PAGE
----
Shooting glass products can be tricky. It’s not just transparent – it’s also shiny. It’s essential to see the background behind the glass and have things (lights) reflecting in the glass to reveal it’s shininess. The edge of the glass needs to be a different value than the background so you can see the shape. I think I solved those problems for my client that manufactures these industrial LED lights. What do you think?
I did this portrait several years ago, but I think it illustrates the value of design. The C suite employees were represented on the website with these photos. My partner Dave did a few, and I think there were some done in Germany too. Everyone was wearing white shirts on a white gradient background, looking pretty serious. The style integrated with the website well. The total effect was striking. Let me know what you think!
Lead-acid batteries have been the standard in cars since the beginning. They are rectangular prisms too. This is a lithium-ion battery, so it’s smaller and lighter. But still a box! The orange background helps it out. What do you think?
We are all part of a larger whole. The scope of the larger whole is sometimes difficult to fathom. In this case, these are pulleys, not cogs, and they have a bit of silicone or rubber to absorb shock and vibration. Smoothing out the bumps seems like a good idea in many contexts.
I like the way the translucent silicone looks. It’s always fascinating how industrial parts are beautiful objects with the right perspective and lighting.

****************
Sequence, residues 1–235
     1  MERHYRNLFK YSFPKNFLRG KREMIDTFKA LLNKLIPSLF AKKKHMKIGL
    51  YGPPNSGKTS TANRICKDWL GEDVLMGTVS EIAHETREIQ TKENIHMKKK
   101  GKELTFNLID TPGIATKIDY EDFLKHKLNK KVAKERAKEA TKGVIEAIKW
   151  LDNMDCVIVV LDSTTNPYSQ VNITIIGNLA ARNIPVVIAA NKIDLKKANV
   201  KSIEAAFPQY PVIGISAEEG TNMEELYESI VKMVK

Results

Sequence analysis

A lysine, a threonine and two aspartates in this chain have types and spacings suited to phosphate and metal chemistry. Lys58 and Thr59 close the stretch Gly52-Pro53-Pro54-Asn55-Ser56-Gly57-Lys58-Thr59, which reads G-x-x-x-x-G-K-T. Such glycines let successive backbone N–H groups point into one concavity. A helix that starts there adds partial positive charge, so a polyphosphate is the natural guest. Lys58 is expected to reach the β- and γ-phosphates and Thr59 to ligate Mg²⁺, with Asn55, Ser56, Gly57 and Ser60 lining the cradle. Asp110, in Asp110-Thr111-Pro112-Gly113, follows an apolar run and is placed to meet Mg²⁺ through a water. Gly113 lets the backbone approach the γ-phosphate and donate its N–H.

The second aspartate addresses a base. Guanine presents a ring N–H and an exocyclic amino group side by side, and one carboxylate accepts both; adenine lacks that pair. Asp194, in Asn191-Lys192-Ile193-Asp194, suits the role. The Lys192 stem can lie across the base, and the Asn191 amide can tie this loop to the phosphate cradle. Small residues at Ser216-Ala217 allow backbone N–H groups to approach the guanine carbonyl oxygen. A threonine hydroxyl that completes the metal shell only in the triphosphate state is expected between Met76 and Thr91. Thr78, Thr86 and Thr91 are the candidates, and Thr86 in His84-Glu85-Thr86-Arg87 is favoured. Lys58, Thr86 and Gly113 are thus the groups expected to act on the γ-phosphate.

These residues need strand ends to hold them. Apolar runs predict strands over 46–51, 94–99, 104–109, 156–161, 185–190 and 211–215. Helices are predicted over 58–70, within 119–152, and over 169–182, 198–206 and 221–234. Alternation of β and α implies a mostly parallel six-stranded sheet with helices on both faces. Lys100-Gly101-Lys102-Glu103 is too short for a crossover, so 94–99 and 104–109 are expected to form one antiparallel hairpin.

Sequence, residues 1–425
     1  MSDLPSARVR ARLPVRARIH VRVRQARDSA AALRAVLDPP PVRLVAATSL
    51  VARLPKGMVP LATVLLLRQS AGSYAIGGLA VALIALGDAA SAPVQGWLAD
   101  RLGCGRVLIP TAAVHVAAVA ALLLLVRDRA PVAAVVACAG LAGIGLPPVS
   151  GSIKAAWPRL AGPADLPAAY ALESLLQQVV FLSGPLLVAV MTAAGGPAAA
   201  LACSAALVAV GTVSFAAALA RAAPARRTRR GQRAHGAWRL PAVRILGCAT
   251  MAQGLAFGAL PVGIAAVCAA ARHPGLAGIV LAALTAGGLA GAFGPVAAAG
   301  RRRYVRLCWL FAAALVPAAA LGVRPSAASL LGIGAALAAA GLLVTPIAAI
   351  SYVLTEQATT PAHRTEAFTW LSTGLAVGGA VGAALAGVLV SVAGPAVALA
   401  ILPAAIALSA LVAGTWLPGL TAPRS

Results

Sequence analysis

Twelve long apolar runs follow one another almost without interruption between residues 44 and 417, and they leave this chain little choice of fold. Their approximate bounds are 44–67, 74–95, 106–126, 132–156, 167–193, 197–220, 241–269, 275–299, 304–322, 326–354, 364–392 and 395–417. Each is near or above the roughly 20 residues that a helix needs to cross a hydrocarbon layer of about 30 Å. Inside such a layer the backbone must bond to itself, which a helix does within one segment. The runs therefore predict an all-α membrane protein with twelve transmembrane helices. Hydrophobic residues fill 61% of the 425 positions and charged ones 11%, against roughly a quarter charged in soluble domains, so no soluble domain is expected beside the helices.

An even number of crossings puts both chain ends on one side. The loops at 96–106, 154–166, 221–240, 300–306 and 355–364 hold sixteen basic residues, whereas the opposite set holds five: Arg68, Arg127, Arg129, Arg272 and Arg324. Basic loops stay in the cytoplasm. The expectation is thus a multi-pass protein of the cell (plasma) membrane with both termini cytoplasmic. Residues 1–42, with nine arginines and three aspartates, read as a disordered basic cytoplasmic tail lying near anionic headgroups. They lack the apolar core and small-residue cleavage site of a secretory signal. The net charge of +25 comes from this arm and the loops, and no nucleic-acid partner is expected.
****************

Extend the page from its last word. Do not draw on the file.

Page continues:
Your image is for you to decide. You can be all buttoned up, literally and figuratively, or a little looser and more approachable. Many companies choose for you and have dressing requirements. We’ve done photography for clients who had all their executives wear white shirts with no tie, others a suit and tie, and still others like the photo above. Let me know what you think.
Most of the time when speaking of sheetmetal in Detroit, you’re talking about the stuff you see on the outside of a car. There’s a lot of it on the inside too! This part goes behind the rear seat, underneath the rear window. This bit of sheet metal is lighter and vibrates less than the ordinary. For the purposes of this photograph, it’s just about making a dramatic image to catch your attention. Let me know what you think.
I love taking, or seeing things out of context. They become something new. Refreshing. Out of context things take on a new life. This is antithetical to most product photography where it is necessary to see and recognize the product instantly. Perhaps this is why it tickles me so much. This image is of sausage casing. Hard to tell at first glance though. Let me know what you think!
The biggest of these little steel balls is about a millimeter in diameter, a little less than 10 times the diameter of a human hair. They are used as an abrasive in industrial processes. They were fun and challenging to photograph. I had to level the table so they wouldn’t all roll away. The best part of this profession is that there are always new and interesting things to shoot.
Photographing anything shiny is a kick! Finely machined aerospace parts fit the bill. You wouldn’t think Detroit for aerospace, but in the last year I’ve done work for several aerospace companies. I’m guessing that there is a lot of talent here honed making automotive parts. It’s fun shooting them, wherever they end up.
I love shooting cars. Day-to-day I shoot everything from massive aerospace tools to tiny fasteners, but photographing this Ford GT was a treat. Using a light painting technique we walked around the car shining a light at it while the shutter was open. After seeing the results we would alter how fast we walked, where we held the light and where we pointed it until we had a dynamically lit image.
Lighting is crucial for every photo and this car is no exception. These are the kind of jobs that get me excited forty years into this business. As always I look forward to your thoughts.